Is the tragedy of these any less than a dog that has hip dysplasia or may have cataracts identified with a CERF examination? In many cases the tragedy is actually far greater. Although it is difficult to quantitate the heartbreak created by disease or disorder, owners with these afflicted dogs spend time, energy and frustration trying to figure out what is wrong with their dog often to no avail. For a sad and poignant example, I would like to tell you the tragic story of Rigel. After much research, hope and expense came the anticipated arrival of Rigel and his sister, Trudy. Rigel was a beautiful and promising young male, a blue Afghan puppy from Germany named after the brightest star, the blue star, in the Orion constellation.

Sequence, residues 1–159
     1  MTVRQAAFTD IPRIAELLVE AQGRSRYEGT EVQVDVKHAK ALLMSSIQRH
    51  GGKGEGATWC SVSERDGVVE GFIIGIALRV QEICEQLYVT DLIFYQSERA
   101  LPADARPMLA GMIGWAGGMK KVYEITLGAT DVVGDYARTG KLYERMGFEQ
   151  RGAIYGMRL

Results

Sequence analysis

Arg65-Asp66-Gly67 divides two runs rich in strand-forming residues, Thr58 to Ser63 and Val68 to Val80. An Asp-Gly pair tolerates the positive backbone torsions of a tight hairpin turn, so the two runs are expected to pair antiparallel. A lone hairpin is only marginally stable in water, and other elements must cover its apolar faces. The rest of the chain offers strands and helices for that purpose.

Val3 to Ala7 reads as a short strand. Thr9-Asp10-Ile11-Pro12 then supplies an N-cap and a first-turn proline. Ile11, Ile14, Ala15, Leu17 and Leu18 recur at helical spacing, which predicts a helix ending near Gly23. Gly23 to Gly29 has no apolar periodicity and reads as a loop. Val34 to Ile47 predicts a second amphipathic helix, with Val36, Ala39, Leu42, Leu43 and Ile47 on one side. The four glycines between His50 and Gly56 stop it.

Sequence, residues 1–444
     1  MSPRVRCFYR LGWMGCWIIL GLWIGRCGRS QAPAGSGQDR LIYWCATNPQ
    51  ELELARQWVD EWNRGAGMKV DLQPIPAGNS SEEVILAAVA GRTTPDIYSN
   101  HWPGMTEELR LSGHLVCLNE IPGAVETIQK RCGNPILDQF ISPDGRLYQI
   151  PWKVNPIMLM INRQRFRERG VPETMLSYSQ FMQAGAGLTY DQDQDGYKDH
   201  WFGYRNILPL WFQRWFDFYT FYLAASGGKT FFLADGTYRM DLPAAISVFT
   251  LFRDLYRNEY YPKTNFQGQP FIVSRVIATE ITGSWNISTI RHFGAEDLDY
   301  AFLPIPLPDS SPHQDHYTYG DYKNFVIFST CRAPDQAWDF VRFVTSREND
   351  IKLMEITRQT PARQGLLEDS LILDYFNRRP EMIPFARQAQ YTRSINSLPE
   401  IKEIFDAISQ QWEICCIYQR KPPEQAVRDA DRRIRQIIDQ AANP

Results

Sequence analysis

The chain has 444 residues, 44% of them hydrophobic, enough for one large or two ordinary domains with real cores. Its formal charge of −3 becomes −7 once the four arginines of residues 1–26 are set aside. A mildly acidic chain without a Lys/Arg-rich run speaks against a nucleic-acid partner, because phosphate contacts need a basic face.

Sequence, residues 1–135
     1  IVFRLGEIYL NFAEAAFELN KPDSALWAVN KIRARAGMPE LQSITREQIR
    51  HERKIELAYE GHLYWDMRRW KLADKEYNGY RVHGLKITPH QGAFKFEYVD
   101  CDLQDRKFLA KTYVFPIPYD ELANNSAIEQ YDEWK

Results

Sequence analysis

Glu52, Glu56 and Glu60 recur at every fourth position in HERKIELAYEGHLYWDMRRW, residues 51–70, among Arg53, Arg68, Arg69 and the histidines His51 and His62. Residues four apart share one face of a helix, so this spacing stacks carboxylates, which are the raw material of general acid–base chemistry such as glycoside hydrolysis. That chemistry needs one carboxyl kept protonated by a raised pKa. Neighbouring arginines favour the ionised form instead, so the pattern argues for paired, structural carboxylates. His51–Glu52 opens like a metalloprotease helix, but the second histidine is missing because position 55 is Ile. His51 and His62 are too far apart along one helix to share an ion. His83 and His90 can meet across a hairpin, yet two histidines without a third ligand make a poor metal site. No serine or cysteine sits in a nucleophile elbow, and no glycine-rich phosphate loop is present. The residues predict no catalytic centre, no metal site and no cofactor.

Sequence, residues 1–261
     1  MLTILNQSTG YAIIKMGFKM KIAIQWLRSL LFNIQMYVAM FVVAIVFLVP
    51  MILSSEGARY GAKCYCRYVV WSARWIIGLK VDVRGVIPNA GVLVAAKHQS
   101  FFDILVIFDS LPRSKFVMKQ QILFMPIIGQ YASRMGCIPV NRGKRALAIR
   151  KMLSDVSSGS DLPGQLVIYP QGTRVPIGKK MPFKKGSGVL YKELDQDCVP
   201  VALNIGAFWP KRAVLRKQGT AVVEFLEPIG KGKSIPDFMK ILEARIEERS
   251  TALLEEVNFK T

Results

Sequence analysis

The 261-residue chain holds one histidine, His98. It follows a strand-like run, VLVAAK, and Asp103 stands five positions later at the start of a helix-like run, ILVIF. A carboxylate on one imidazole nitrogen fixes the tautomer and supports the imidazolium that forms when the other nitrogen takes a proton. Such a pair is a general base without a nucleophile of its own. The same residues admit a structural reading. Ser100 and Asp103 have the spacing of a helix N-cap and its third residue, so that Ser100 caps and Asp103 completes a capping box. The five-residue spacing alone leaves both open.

Upon his arrival, Rigel seemed like a normal happy puppy although he was thin and "down in the pasterns." The breeder claimed that his weight was just his type, a more houndy dog, and that he had been running on hard surfaces related to the issues with his pasterns. As time went on, Rigel's health seemed to worsen; he did not gain weight and was lethargic. Exams revealed Coccidia that he was treated for, then Giardia and then Coccidia again. Trudy's symptoms mirrored Rigel's. They were believed to have arrived with infections and weakened immune systems but even once they were cleared of infections, they did not gain weight, they did not improve and Rigel's pasterns worsened. After more testing, more veterinary consultation, more treatments and more money, Rigel's symptoms continued to worsen. He had two seizures, his rear legs were weaker and his hocks were slipping. Rigel and Trudy were taken to perspective universities in their parts of the country. No diagnosis was made for Rigel after many tests and consultation with many different specialists; however, one of the specialists who evaluated Trudy felt that she had a lysosomal storage disease. Now urine and blood samples were sent on both brother and sister to University of Pennsylvania Metabolic Testing Laboratory. They were both ultimately diagnosed with Mucopolysaccharidosis Type 1 (MPS 1). Lysosomes break down unwanted matter in the cells. Rigel and Trudy were missing one of the important enzymes for doing this.